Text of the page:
So, I've recently had my collection go over a thousand games. I wish I could say it was a momentous occasion, the 1000th game one of the gems in said collection, but in reality I didn't even notice until I was sorting through my huge backlog, and noticed the total was just above a thousand.
Annoyingly, my backlog also noted that I had over 50% unfinished. This bothers me. I like playing games. During my years as a part-time game reviewer, I always stood by the rule that you had to finish a game before being able o review it - be it the hugest of the RPGs or the most boring of movie tie-in third-person adventure.
I was young and stupid and these days I readily admit you can take the full measure of most games in just under three hours - with some RPGs, especially of the Japanese variety, being the exception.
But still, I immensely enjoy beating games - even bad ones! In fact, I think some truly bad games are really quite enjoyable when approached with the proper mind-set. So, I decided to check the system I had the least unfinished games, so I could put a big nice check-mark next to it - look at that, the good old Sega Saturn. Only two unfinished games there, Virtual Hydlide and Alone in the Dark: Jack is Back (aka alone in the Dark 2).
Being the PC snob that I am, I didn't bother with the trials and tribulations of hooking up my old Sega Saturn to my HDTV - instead, I downloaded an emulator and put the Virtual Hydlide CD on my PC.
Two unexpected things happened:
a) I had fun.
b) Wow this seemed way more intimidating when I was a thirteen year-old
Widely known as a crappy game, Virtual Hydlide deserves its fame. The graphics where bad at the time, now they're a pixelatted mess. The soundtrack is utterly forgettable. The characters are bad cutouts out of an FMV movie, and most enemies prance about like headless chickens, except when they step trough you to hit you on the back.
But, you see, I lucked out. On my very first dungeon, I got the best possible random drop I could ever expect to get - a Darksword +2!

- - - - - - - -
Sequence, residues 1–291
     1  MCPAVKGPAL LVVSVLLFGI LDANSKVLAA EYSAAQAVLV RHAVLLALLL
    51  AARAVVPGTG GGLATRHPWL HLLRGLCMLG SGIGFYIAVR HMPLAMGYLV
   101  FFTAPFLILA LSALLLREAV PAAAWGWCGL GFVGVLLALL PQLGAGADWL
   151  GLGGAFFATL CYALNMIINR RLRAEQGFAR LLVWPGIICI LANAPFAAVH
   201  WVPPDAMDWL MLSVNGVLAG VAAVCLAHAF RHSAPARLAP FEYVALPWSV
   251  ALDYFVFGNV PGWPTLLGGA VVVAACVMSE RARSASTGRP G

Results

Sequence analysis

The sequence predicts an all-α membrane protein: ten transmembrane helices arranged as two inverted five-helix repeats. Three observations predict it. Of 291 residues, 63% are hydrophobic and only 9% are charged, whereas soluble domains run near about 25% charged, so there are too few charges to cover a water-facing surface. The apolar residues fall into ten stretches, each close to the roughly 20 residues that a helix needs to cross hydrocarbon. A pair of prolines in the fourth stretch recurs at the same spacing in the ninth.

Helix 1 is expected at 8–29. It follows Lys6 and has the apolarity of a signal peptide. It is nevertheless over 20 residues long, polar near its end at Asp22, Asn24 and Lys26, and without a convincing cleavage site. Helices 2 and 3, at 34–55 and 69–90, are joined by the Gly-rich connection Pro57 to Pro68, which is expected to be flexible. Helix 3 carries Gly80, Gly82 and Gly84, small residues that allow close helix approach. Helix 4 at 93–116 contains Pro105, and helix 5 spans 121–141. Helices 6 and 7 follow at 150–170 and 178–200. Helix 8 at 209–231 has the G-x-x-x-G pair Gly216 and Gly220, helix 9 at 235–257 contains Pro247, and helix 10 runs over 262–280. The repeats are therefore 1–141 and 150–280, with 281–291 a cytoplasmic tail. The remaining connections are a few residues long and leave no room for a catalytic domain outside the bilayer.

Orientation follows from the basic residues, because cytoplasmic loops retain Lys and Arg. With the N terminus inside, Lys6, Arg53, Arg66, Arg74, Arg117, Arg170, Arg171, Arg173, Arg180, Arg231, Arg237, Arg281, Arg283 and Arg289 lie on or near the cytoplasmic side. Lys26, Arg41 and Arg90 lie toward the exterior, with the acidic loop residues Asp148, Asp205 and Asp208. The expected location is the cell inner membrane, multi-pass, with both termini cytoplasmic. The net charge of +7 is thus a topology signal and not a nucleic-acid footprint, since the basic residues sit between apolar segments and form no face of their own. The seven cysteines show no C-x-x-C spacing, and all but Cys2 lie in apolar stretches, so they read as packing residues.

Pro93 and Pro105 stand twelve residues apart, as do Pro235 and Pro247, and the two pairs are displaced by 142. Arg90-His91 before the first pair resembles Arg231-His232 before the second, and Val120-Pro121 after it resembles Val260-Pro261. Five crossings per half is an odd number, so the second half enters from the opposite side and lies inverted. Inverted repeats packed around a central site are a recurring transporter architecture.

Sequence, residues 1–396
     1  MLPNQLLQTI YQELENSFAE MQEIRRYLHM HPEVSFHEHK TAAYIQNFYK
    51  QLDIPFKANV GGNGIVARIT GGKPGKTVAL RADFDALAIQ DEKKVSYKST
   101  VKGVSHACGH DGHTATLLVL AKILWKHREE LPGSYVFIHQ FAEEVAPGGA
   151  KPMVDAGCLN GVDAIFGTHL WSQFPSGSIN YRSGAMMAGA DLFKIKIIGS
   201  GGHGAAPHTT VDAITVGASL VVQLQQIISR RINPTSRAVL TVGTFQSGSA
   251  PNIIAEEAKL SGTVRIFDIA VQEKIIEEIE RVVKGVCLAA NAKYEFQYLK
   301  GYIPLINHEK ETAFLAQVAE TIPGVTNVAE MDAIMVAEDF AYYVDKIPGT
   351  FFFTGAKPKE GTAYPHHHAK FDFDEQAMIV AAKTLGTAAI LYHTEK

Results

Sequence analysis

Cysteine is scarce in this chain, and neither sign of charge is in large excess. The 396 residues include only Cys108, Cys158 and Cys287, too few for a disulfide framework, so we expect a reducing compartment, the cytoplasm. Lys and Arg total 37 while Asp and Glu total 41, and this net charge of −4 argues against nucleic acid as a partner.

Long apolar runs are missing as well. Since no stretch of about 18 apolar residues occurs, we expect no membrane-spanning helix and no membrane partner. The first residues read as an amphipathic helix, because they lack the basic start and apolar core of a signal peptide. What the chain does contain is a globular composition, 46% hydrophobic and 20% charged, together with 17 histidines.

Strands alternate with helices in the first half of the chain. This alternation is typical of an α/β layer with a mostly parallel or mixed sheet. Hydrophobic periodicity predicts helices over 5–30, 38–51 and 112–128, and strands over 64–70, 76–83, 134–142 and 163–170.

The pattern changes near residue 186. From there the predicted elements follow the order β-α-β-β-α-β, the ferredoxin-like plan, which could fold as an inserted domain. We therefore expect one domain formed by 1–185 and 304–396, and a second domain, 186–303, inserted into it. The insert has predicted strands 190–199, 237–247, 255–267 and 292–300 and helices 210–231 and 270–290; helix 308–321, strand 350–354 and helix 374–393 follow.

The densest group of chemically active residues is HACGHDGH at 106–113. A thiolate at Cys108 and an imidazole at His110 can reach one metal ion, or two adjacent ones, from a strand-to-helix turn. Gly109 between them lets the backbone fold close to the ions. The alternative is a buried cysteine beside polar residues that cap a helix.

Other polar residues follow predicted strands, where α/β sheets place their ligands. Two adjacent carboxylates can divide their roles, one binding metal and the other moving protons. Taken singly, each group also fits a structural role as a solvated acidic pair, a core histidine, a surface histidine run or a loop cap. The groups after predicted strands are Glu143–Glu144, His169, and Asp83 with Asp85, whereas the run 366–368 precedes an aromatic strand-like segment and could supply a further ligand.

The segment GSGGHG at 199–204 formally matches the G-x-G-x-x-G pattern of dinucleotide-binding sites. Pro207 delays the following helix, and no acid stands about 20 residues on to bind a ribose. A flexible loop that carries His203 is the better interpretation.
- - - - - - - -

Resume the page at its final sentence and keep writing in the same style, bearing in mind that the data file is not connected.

Usually you'd get a war-hammer or long sword, but in my very own, randomly-generated world, the Saturn Gods saw fit to grant me a Darksword +2. Not only is this item a requirement to beat the dragon boss of one of the latter dungeons (I found this as I consulted a faq to see if there were any important items I could miss if I didn't open every chest), it lets you fire balls of dark energy - effectively making it the second most powerful weapon in the game.
Now, this comes at a cost - it is a "dark weapon" after all. Yes, I lose 10 points of - get this, not life - my score every time I shoot it. Oh noes! Not to mention a couple of shots is enough to own most enemies, earning my way more than 10 points!
So, I steamrolled trough the game. The areas that seemed intimidating and scary in my childhood melted away in the face of my insurmountable dark powers. A couple of obscure boss patterns made me check a FAQ, but I mostly used it for the reference tables so I knew I missed nothing in the dungeons. Only bosses have ranged attacks in this game, so I was virtually untouchable, and it was only by the penultimate dungeon that I switched weapons (to another ranged weapon).
I enjoyed it for several reasons.
First, it was catharsis. I remember, many years ago, being stressed out by the pressure of navigating a dark, seemingly unending dungeon, dreading that any turn I might take would unleash upon me a poisoning enemy, my supply of antidote herbs rapidly dwindling. Yes, this in a game that lets you save anywhere! I was a child!
There was, deep inside of me, a young man still very afraid of this game. And now that young man was reveling in Darksword +2-powered onslaught. A combination of age, more experience playing games, and my initial lucky drop made the game a piece of cake, and my younger self had its revenge.
Secondly, while the game is bland and just plain bad, it remains quite playable. It is easily, if not smoothly, controllable, it lets you save anywhere, and since leveling-up is controlled by story checkpoints instead of XP, there is no need to grind. So, while playing it, I was free to just bask in the experience of its overwhelmingly crappy visuals, bland dungeon design, and wonky storyline. I found myself analyzing this and that design decision, and even finding some hidden merits to the game!
In fact, there is something to be said for a compact, RPG-like experience that can be finished in a couple of hours. No grinding and no two dungeons alike, these two factors are rare indeed and contribute to turn Virtual Hydlide into that weird specimen: the RPG with no padding.
Don't get me wrong, I love the satisfaction that comes from grinding into a super-powerful walking dispenser of justice, but variety is healthy and it would be very nice to find more RPGs pursuing the ideals that Virtual Hydlide displays - minus the general crappyness.
In the end, I was happy to see the devil-winged black evil dude melt upon receiving my finishing blow, and watched with some amount of glee the hammy final FMV featuring the happy rescued princess and the back of the dude I've been watching for the past two hours.
Hey, at least the game keeps in character!